I've been thinking lately about the steps we (often) go through when we want to learn something new. It's the way our schools educate our kids, the way we prepare for jobs, and sometimes learn new hobbies. Usually it goes something like this:
1) Decide you want to do something
2) Learn how to do it
3) Start doing it
I've realized that these steps are out of order though - at least for me, and probably for a lot of other people too. Instead, I think it's much better to flip the second and third steps. Decide you want to do something, start doing it, and you'll inevitably learn how to do it. Sure, you'll mess up a buch along the way but who cares.
Want to learn French? Do you really need to take a french class - or would it better to just start communicating with some friends that know the language and watching some French movies here and there? Want to learn how to build a website? Sure, you can get a book about HTML, or you can start building a website on Blogger and go from there. Want to be a better writer? Start a blog and get to writing.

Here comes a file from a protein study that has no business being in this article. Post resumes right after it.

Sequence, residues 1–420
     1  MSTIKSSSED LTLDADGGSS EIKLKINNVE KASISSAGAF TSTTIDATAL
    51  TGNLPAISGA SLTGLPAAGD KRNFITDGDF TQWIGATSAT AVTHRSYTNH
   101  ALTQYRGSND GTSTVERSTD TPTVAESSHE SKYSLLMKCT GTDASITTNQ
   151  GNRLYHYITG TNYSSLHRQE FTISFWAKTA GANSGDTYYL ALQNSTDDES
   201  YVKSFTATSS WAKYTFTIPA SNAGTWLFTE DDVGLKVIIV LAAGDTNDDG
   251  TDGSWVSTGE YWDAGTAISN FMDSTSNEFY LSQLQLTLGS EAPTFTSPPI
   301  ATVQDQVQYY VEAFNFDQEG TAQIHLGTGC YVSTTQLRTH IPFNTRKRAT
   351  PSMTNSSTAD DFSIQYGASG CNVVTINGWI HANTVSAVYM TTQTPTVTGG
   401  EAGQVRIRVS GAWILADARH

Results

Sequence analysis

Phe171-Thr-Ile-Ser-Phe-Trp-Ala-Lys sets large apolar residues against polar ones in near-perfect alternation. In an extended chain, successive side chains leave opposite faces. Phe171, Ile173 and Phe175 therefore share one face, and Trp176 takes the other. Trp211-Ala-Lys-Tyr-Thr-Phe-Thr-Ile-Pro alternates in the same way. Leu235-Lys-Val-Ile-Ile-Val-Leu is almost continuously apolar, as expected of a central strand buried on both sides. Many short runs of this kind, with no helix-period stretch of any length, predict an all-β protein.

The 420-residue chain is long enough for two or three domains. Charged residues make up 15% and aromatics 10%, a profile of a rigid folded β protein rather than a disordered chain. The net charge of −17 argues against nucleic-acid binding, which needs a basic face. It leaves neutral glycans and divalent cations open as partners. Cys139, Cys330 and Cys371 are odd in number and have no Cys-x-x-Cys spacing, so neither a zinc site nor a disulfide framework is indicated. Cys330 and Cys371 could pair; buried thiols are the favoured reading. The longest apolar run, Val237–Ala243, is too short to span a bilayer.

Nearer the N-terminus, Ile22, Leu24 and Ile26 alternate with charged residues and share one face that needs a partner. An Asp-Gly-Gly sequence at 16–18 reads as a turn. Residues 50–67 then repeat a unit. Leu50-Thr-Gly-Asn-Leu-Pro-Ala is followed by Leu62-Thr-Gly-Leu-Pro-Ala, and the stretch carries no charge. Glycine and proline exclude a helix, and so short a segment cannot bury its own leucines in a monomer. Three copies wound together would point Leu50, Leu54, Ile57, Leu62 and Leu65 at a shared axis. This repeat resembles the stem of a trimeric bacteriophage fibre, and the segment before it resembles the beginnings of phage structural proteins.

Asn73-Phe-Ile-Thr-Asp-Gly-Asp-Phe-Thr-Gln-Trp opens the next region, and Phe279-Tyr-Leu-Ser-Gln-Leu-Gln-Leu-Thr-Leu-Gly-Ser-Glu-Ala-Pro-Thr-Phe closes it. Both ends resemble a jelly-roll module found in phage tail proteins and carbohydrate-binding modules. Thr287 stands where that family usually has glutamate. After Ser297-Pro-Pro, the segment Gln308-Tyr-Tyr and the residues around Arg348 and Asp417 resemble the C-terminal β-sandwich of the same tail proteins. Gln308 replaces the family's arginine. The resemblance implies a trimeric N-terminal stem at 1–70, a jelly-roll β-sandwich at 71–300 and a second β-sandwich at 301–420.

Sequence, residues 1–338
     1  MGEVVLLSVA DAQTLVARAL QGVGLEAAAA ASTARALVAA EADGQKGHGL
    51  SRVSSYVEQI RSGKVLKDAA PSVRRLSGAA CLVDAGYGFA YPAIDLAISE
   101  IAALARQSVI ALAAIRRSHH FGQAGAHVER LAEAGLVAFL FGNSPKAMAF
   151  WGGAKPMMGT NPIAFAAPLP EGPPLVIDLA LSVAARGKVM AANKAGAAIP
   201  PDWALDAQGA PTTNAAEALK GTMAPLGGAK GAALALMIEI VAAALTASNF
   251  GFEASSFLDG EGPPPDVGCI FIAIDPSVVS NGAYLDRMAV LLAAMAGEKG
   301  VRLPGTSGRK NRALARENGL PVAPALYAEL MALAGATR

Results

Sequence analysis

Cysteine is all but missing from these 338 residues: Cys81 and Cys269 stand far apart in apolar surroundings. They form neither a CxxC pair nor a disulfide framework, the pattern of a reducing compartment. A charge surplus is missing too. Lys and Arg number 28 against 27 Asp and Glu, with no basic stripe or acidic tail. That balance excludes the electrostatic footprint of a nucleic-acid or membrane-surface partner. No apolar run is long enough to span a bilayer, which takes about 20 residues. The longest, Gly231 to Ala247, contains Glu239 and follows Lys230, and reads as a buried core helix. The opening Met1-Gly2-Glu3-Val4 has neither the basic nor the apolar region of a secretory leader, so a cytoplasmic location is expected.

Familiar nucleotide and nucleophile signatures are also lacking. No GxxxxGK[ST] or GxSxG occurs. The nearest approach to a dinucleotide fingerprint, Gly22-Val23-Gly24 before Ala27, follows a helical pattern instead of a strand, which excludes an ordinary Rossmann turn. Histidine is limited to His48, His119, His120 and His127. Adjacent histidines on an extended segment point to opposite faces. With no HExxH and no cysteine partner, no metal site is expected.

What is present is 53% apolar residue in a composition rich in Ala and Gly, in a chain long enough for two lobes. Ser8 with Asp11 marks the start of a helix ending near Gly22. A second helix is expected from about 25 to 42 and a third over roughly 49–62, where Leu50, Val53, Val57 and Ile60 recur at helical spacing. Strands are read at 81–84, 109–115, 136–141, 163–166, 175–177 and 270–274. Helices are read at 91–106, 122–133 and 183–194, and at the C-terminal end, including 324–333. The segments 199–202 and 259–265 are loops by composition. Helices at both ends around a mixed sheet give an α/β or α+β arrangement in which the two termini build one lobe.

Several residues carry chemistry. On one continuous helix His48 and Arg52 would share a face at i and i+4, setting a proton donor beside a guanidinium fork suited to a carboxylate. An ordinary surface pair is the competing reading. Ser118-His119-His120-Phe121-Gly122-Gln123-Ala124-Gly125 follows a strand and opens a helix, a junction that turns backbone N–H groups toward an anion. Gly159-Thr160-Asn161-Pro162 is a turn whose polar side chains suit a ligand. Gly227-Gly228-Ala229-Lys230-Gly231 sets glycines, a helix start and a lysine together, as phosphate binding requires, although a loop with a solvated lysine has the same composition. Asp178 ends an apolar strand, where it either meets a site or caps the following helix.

I think a lot of us use the need to "learn" something first as an excuse to not actually do anything. So if that's the case, forget about the learning and just start doing it. You'll learn.
Four months ago, I didn't know Ruby on Rails. But now I have two Rails applications to my name. I still wouldn't say I know it, my code is a mess in many parts, and certainly don't consider myself a programmer. But I'm learning - because I started doing it.
So if there's something you want to learn, but you're finding that it's just not happening, maybe it's because you're thinking is out of order.
Decide you want to do something, and then start doing it. The learning will come from that.